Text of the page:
The Queen’s Garden Party
The garden at Buckingham Palace is the setting for the Royal Garden Parties held by the Queen. Although earlier Royal owners had held entertainments in the garden, the tradition of large, formal, garden parties was established by Queen Victoria, for whose Golden and Diamond Jubilees, two particularly lavish parties were held in 1887 and 1897. Three garden parties are held at Buckingham Palace, and one at the Palace of Holyroodhouse (in Scotland) each summer. The Queen also gives permission for additional garden parties to be held; in 2008, parties were held for the Centenary of the Royal Charter to the British Red Cross, and a few other charities. Some 30,000 guests attend the parties each year, which recommenced in 2022, after a two-year hiatus due to the COVID-19 pandemic. Nominations for invitations to the garden parties are made by the Lord-lieutenants, government departments, the armed forces, the Diplomatic corps and a range of charities and societies. The nominations, which are intended to acknowledge public service, are approved by the Lord Chamberlain, who then issues the invitations in the name of the Queen.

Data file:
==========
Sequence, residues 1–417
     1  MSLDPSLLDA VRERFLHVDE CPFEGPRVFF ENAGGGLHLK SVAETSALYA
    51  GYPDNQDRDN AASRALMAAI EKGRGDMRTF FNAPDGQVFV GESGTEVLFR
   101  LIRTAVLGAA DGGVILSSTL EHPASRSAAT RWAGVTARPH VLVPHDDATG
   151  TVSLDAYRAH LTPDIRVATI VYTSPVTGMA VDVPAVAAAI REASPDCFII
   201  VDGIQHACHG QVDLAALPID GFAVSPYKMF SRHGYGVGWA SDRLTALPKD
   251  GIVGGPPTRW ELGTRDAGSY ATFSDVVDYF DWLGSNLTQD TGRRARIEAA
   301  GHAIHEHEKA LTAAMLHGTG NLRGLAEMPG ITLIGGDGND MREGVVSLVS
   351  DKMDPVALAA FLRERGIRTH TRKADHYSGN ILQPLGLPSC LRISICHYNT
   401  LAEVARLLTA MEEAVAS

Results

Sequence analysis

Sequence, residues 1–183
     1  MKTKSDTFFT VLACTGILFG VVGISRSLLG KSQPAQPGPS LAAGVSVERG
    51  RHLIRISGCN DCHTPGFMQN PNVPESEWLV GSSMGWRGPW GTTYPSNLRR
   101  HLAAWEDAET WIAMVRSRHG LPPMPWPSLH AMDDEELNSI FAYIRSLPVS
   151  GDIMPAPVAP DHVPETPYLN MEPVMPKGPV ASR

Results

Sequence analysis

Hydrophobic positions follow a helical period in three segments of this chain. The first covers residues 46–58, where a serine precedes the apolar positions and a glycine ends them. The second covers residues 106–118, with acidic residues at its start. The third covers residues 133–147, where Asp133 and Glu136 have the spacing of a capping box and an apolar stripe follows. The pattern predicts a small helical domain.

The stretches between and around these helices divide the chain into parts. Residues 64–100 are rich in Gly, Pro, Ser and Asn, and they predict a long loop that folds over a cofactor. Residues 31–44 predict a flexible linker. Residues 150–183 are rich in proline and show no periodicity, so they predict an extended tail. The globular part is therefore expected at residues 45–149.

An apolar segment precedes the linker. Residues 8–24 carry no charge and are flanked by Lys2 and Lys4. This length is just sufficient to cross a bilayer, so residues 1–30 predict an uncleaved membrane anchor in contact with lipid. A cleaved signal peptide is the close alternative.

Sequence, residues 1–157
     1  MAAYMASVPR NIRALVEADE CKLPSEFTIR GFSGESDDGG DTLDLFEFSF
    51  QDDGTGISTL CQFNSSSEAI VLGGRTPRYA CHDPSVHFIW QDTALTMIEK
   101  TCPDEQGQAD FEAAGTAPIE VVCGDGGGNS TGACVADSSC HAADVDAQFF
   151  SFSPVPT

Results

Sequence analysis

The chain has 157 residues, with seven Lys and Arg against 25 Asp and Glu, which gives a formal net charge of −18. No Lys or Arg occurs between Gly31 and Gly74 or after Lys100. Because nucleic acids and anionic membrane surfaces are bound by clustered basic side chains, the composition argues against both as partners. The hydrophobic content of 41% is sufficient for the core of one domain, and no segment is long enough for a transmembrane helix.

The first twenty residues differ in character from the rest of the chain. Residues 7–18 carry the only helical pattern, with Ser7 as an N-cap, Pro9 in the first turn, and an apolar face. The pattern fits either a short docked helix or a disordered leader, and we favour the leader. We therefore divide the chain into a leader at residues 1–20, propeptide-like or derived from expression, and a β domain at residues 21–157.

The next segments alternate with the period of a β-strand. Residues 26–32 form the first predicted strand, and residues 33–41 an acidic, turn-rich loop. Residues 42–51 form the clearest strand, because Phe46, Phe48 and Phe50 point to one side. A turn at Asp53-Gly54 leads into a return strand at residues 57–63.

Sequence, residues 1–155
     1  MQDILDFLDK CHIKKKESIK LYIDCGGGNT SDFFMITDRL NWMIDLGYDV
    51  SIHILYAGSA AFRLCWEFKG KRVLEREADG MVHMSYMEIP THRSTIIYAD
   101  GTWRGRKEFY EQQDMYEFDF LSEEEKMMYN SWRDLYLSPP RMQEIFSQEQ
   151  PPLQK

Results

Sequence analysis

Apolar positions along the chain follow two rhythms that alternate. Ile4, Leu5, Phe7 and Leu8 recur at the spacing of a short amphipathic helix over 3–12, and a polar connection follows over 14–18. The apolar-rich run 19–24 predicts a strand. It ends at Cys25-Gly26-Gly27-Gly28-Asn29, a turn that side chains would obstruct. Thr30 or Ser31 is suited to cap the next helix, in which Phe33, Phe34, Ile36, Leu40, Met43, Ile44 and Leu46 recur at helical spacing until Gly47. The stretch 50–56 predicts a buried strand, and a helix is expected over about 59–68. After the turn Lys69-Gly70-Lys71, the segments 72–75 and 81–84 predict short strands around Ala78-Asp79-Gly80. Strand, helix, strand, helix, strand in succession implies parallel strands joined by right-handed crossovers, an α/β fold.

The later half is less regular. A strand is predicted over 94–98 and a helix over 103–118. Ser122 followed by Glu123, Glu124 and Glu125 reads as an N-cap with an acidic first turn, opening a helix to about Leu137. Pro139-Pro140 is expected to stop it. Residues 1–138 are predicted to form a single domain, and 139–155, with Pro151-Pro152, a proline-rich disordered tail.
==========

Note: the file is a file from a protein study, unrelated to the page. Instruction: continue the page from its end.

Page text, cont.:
Guests take tea and sandwiches in marquees erected in the garden. Just prior to 4.00 p.m. the Queen and accompanying members of the Royal Family emerge from the Bow Room in the palace, as a band plays the National Anthem. The royal party then process through ranks of assembled guests towards the Royal Tea Tent, greeting those previously selected for the honor. A second private tea tent is reserved for diplomatic guests, while all other attendees make use of the general tent. Two military bands alternate in playing a “continuous supply of festive music”.
lavish: lussuoso, sontuoso
Lord-lieutenant: lord-luogotenente (titolo onorario concesso a nobili in pensione che agiscono come rappresentati della Corona nelle varie contee. Svolgono ruoli di pubbliche relazioni per la Corona.)
Video of the Queen’s Garden Party 2015: